Overall, 23.3% (1,866/8,022) of the respondents did not receive medication at the time of treatment. From this group, 9% were excluded because they were underage. Another 11% were eligible, but were either sick, pregnant or unaware of the distribution (205/1,866). Only 1.7% refused to be treated. The pattern of absenteeism by age group showed that the problem was more common in those aged 15–24 years (Figure 2). Ethnic differences, however, did exist: only 2% of 297 Fulani and Moorish and 10% of 1,569 Bambara and Sarakolle complained that they had not been informed. Being absent at the time of distribution was more common among the Fulani and Moorish (70.3%) than the Bambara and Sarakolle (30.2%).

Figure 2
figure 2

Proportion of eligible people (by age group) who did not take praziquantel as they were absent, Diéma, October 2008.

Treatment and side effects

Side-effect data were available for 1,884 children and 1,640 mothers and teachers. During administration of the PZQ and ALB, side effects directly related to tablet administration (e.g., choking or coughing) were very rare (prevalence <0.1%) and not life threatening. In the ten villages, all side effects were investigated 24 hours after treatment. Most of the side effects were reported at varying prevalence levels, from 4.6% of children complaining about abdominal pain to 11.7% reporting fatigue. Headaches (5.1%), vomiting (9.7%) and diarrhoea (10.2%) were also found at significant levels. By contrast, mothers reported very few children (<1.0%) displaying any symptoms during the 24-hour follow-up.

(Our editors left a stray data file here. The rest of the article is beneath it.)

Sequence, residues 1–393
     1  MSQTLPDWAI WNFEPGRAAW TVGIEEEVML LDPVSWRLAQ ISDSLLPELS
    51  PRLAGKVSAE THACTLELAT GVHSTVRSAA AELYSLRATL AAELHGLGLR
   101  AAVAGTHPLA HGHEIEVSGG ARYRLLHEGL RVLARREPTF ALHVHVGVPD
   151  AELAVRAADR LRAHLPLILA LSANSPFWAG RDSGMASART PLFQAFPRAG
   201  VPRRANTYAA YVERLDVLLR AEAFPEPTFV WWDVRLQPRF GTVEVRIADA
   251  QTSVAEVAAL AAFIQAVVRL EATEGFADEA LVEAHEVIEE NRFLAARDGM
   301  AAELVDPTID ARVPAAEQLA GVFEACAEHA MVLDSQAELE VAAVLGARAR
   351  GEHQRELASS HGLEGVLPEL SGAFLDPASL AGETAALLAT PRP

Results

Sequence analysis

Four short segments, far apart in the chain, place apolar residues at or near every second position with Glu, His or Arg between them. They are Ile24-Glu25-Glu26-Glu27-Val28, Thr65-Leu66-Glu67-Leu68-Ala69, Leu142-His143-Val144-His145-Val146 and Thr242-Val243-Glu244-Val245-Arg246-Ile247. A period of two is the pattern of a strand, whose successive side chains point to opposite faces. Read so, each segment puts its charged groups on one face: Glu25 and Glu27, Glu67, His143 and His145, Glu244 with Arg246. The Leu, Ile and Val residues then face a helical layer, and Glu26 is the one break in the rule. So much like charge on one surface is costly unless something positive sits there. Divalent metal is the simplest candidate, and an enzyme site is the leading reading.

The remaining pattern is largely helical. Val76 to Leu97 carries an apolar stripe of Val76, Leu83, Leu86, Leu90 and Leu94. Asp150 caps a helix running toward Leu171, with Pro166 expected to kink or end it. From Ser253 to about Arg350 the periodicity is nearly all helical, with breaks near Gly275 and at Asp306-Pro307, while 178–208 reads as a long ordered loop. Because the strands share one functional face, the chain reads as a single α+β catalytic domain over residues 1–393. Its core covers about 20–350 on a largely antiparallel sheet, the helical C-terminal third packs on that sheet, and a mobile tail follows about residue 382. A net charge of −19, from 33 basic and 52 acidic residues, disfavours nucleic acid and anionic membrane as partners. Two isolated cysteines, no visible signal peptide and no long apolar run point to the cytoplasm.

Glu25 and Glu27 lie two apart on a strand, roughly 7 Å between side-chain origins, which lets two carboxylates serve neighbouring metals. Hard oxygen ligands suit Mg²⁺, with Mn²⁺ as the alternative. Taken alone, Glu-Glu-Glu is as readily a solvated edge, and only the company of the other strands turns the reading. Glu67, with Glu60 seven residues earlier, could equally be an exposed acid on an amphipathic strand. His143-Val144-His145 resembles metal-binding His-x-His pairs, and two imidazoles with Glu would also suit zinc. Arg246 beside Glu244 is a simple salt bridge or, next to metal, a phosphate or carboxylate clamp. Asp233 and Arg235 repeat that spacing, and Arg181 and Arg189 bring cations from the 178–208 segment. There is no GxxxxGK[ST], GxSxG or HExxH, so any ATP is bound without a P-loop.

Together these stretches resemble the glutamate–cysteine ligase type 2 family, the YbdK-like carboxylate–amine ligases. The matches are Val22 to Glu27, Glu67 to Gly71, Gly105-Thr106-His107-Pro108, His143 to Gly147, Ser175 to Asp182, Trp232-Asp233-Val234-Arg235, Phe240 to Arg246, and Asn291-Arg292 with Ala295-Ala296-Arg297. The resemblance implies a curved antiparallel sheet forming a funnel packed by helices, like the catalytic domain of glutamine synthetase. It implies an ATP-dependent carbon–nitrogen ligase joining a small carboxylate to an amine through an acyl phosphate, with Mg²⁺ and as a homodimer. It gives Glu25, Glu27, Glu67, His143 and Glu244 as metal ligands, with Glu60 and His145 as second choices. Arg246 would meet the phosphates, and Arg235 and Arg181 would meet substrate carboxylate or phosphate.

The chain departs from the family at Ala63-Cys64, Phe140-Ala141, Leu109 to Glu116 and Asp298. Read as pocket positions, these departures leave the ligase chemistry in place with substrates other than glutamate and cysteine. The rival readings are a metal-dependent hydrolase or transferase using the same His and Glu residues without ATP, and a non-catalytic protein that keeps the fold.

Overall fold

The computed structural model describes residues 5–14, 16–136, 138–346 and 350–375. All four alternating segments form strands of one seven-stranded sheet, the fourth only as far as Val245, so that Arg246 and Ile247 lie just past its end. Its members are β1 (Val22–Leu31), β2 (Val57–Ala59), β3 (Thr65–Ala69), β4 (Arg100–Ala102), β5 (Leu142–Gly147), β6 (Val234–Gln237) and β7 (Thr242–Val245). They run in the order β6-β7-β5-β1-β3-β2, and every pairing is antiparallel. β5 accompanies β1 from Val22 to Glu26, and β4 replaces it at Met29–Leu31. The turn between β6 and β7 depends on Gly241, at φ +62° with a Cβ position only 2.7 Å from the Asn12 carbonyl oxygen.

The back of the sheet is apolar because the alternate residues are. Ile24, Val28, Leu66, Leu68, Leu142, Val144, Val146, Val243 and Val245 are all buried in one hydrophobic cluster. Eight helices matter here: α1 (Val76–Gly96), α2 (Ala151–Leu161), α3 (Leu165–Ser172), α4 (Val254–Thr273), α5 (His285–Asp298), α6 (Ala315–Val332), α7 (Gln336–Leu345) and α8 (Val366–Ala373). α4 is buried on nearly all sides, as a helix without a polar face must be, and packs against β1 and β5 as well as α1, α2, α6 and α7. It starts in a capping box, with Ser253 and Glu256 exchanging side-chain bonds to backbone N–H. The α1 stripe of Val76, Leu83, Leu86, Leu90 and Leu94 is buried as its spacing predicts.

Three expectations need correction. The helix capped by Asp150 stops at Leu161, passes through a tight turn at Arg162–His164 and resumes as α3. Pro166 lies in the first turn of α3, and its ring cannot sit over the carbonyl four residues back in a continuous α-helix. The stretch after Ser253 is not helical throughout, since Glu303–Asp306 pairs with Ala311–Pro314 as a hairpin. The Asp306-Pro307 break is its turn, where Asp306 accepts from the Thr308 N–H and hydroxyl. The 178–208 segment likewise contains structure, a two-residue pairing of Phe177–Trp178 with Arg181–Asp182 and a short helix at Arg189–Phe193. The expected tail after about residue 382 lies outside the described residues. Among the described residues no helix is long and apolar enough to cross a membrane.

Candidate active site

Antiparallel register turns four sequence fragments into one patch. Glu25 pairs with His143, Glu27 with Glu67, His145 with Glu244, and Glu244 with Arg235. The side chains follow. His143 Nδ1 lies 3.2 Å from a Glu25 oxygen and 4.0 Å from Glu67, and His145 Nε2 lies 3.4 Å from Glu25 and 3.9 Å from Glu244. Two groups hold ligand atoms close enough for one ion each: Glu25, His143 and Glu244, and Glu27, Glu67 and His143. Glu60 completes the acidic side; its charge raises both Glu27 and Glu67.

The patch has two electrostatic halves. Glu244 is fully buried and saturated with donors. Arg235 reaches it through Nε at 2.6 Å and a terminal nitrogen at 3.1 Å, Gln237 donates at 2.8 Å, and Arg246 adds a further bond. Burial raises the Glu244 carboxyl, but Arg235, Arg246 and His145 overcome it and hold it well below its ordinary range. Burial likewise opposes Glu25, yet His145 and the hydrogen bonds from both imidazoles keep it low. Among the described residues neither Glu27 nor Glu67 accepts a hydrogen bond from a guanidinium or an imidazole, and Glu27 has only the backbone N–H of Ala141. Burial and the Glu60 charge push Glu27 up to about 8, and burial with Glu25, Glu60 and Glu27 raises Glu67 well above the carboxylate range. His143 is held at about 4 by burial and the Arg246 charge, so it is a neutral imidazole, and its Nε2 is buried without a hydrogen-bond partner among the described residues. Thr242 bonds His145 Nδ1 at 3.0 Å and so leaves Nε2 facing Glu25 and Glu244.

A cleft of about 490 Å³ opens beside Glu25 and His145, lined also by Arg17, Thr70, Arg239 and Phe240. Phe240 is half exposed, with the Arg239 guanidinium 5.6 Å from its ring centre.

In the Diéma health district, the influence of social behaviour and cultural beliefs on public health interventions was greater than expected, especially among women. This is evident in the majority of the CDDs being men because women and, in particular younger ones, were not accepted for this position. In some villages, the two sexes could not mingle at a single meeting place.